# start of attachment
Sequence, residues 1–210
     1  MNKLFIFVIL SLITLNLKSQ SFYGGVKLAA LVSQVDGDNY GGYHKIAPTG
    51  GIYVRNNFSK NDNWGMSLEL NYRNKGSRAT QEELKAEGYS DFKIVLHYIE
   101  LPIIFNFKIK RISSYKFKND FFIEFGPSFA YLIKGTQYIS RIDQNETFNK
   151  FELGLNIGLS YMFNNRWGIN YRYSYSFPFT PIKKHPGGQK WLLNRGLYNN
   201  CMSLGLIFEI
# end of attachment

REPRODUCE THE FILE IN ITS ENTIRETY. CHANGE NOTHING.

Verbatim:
Sequence, residues 1–210
     1  MNKLFIFVIL SLITLNLKSQ SFYGGVKLAA LVSQVDGDNY GGYHKIAPTG
    51  GIYVRNNFSK NDNWGMSLEL NYRNKGSRAT QEELKAEGYS DFKIVLHYIE
   101  LPIIFNFKIK RISSYKFKND FFIEFGPSFA YLIKGTQYIS RIDQNETFNK
   151  FELGLNIGLS YMFNNRWGIN YRYSYSFPFT PIKKHPGGQK WLLNRGLYNN
   201  CMSLGLIFEI